The economy saw a second consecutive month of better-than-expected job growth in June, as many businesses began to reopen, at least partially, in areas where pandemic-related restrictions eased. 

According to the June jobs report from the Bureau of Labor Statistics (BLS), employers expanded payrolls by 4.8 million positions last month. That’s the highest monthly figure since the government started keeping records in 1939.

The leisure and hospitality industry once again led job growth, adding 2.1 million jobs. Employment in the retail trade sector also increased with the addition of about 740,000 jobs. 

The following sectors also saw sharp increases in employment in June:

  • Education and health services: 568,000 jobs added
  • Other services: 357,000 jobs added
  • Manufacturing: 356,000 jobs added
  • Professional and business services: 306,000 jobs added
  • Construction: 158,000 jobs added

Unemployment rate dials down to 11.1%

The national unemployment rate declined by 2.2 percentage points to 11.1% in June, according to the BLS. 

The unemployment rate for college-degreed workers who are 25 or older was 6.9% in June, down from 7.4% in May. These professionals are the most highly sought after by employers. 

What employers need to know

Even in this uncertain time, retention of your most valued employees should be a high priority. Consider that 60% of the workers we surveyed said they are more motivated to be employed at an organization that values its staff during unpredictable times. And keep in mind that employers well outside of your immediate area may be vying for your best people, now that remote work has taken hold.

To boost your retention efforts, consider applying these and other best practices outlined in Robert Half’s 10 Lessons for Managing Your Staff in the COVID-19 Era:

  • Pay top performers well. The pandemic has not changed that fact that your business needs to meet or exceed what other firms pay their employees for similar work.
  • Focus on employee wellness. Offer resources, like wellness webinars, to help employees cope with uncertainty, manage change and stress, and focus on their health.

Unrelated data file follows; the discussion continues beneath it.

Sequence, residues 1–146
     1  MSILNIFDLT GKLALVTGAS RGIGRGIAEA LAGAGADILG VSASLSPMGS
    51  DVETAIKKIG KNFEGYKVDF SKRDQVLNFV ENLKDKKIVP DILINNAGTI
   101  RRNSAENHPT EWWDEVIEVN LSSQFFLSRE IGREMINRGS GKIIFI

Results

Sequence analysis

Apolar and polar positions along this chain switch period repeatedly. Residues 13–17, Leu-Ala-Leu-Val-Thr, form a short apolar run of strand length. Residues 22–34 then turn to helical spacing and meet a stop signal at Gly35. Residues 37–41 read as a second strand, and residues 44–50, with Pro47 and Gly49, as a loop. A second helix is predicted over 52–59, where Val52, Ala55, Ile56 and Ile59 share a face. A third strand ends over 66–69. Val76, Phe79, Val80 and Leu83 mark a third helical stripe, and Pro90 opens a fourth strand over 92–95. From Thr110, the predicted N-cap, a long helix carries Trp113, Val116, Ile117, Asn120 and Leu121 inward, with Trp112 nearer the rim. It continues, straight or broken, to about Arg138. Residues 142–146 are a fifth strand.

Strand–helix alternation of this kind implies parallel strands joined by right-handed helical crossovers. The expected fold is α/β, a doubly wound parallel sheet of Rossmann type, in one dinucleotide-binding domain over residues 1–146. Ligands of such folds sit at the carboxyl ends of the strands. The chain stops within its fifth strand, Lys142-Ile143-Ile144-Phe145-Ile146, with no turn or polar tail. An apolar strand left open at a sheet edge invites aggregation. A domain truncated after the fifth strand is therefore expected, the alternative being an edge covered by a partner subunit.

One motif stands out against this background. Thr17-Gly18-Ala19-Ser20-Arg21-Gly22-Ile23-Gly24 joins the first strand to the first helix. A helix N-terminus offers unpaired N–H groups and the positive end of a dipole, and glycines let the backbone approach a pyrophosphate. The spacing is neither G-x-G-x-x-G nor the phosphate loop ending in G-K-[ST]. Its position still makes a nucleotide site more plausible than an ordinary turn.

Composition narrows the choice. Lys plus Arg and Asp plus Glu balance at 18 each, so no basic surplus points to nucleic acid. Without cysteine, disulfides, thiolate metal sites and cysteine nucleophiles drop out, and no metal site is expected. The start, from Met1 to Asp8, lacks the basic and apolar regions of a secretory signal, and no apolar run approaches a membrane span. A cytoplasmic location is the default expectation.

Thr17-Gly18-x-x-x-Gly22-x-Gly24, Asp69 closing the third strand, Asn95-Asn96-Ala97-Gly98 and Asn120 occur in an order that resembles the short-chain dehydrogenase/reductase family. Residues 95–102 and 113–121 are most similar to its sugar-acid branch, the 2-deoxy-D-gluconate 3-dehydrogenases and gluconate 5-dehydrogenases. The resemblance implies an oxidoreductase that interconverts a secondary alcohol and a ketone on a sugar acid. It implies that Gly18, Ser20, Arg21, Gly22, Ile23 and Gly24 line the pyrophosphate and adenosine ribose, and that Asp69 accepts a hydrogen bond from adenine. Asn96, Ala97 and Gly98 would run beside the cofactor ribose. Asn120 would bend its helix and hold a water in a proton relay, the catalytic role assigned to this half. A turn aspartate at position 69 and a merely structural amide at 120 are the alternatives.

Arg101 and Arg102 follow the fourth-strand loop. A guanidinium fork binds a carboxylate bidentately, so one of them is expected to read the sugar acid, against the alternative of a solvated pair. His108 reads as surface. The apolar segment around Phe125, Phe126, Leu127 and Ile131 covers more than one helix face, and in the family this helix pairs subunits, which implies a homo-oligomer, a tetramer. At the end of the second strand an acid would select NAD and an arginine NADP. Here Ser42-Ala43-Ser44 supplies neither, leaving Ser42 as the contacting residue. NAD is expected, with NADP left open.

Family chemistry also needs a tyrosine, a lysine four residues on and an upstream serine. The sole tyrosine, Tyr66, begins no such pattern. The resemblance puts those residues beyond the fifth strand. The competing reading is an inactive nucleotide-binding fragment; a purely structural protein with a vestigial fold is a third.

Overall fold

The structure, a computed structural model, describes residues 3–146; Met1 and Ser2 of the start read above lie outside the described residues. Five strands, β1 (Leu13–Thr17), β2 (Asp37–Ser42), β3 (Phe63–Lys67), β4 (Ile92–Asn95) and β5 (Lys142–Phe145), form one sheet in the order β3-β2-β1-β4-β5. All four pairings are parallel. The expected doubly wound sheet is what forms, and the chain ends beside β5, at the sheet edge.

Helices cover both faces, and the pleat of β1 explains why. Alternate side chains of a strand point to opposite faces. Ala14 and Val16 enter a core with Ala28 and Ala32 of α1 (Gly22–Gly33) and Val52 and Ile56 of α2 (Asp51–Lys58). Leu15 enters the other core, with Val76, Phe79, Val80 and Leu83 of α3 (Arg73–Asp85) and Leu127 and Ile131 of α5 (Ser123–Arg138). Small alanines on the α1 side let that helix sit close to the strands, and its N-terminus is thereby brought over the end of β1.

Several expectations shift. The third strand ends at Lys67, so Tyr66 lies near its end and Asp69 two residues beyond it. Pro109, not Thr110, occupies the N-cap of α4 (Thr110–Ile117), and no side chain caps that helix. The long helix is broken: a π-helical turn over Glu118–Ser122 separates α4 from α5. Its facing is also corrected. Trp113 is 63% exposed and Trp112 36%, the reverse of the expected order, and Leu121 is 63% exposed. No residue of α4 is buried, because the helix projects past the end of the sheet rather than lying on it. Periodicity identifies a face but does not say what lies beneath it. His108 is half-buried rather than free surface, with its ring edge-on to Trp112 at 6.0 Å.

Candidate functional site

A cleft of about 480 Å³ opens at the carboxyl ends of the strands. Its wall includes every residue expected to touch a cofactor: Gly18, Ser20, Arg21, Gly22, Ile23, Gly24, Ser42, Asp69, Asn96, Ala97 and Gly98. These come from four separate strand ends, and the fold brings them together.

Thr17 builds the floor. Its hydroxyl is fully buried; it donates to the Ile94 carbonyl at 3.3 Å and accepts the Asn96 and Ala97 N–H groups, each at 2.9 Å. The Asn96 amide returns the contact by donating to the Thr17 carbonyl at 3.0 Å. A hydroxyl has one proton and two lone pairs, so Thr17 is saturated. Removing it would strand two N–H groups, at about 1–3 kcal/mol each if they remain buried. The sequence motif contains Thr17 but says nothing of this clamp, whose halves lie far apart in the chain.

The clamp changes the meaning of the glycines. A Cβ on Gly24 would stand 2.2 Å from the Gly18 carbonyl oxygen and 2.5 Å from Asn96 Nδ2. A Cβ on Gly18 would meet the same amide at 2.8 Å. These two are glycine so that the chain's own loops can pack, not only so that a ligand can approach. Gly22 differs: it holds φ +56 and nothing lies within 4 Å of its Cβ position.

• Be flexible. To the extent possible, give employees flexibility so they can work when they are most productive and engaged, and manage their personal demands, too.

The investment you make now in employee retention can benefit your business when recovery becomes more robust, and companies start to ramp up their hiring.

What job seekers need to know

In a recent Robert Half survey, more than half (57%) of office professionals said they have experienced a shift in their feelings toward work due to the pandemic. Some respondents reported that they are seeking more meaningful work, while others said they want to prioritize their personal life.

No matter your reason for launching a new job search right now, your prospects might be better than you think — provided you have the right qualifications for the roles you’re targeting. Employers are hiring for many types of positions, from help desk technicians to loan and mortgage processors to customer service representatives. And, if you’re open to working remotely for companies outside of your local area, you may be able to find more opportunities.

You may want to consider working with a specialized staffing firm like Robert Half to help guide your job search in this challenging environment. Our recruiters often have knowledge of available positions before they are advertised. And if you’re a passive job seeker, you can be confident that they’ll handle your search with great care. 

Our staffing professionals are well-versed in placing remote workers. They can also connect you with temporary and contract opportunities that match your abilities. These arrangements can help you learn new skills and start a new chapter in your career — at a comfortable pace. And working a temporary or project role may even lead you to a full-time position.

Read the infographic text.


4,800,000 JOBS ADDED*




  Unemployment RateUnemployment Rate for College Grads
 July '193.7%2.2%
 August '193.7%2.1%
 September '193.5%2.0%
 October '193.6%2.1%
 November '193.5%2.0%
 December '193.5%1.9%
 January '203.6%2.0%
 February '203.5%1.9%
 March '204.4%2.5%
 April '2014.7%8.4%
 May '2013.3%7.4%
 June '2011.1%6.9%

*Source: Bureau of Labor Statistics

**College-degreed workers 25 and older

See what these results mean for job seekers and employers at


57% of office workers have experienced a shift in their feelings toward work due to the pandemic, including prioritizing their personal life over their job and wanting to pursue a more meaningful position.

Source: Robert Half survey of more than 1,000 workers in the U.S.

© 2020 Robert Half. An Equal Opportunity Employer M/F/Disability/Veterans.